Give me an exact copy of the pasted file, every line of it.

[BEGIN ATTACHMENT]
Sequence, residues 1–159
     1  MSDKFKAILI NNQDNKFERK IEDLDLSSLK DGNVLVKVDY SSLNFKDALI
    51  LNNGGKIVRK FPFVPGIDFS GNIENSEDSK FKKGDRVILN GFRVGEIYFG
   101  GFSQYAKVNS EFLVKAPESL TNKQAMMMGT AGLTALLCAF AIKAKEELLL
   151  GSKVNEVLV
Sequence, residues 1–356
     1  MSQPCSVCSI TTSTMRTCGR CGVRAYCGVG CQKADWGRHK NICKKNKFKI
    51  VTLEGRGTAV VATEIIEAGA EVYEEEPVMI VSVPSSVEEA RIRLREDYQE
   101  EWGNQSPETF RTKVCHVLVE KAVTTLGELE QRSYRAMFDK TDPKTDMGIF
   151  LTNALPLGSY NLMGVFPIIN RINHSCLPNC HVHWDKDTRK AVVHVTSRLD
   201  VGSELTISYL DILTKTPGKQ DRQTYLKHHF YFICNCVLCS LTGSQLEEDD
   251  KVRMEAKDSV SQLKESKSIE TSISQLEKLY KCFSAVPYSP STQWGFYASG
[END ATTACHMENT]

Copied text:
Sequence, residues 1–159
     1  MSDKFKAILI NNQDNKFERK IEDLDLSSLK DGNVLVKVDY SSLNFKDALI
    51  LNNGGKIVRK FPFVPGIDFS GNIENSEDSK FKKGDRVILN GFRVGEIYFG
   101  GFSQYAKVNS EFLVKAPESL TNKQAMMMGT AGLTALLCAF AIKAKEELLL
   151  GSKVNEVLV
Sequence, residues 1–356
     1  MSQPCSVCSI TTSTMRTCGR CGVRAYCGVG CQKADWGRHK NICKKNKFKI
    51  VTLEGRGTAV VATEIIEAGA EVYEEEPVMI VSVPSSVEEA RIRLREDYQE
   101  EWGNQSPETF RTKVCHVLVE KAVTTLGELE QRSYRAMFDK TDPKTDMGIF
   151  LTNALPLGSY NLMGVFPIIN RINHSCLPNC HVHWDKDTRK AVVHVTSRLD
   201  VGSELTISYL DILTKTPGKQ DRQTYLKHHF YFICNCVLCS LTGSQLEEDD
   251  KVRMEAKDSV SQLKESKSIE TSISQLEKLY KCFSAVPYSP STQWGFYASG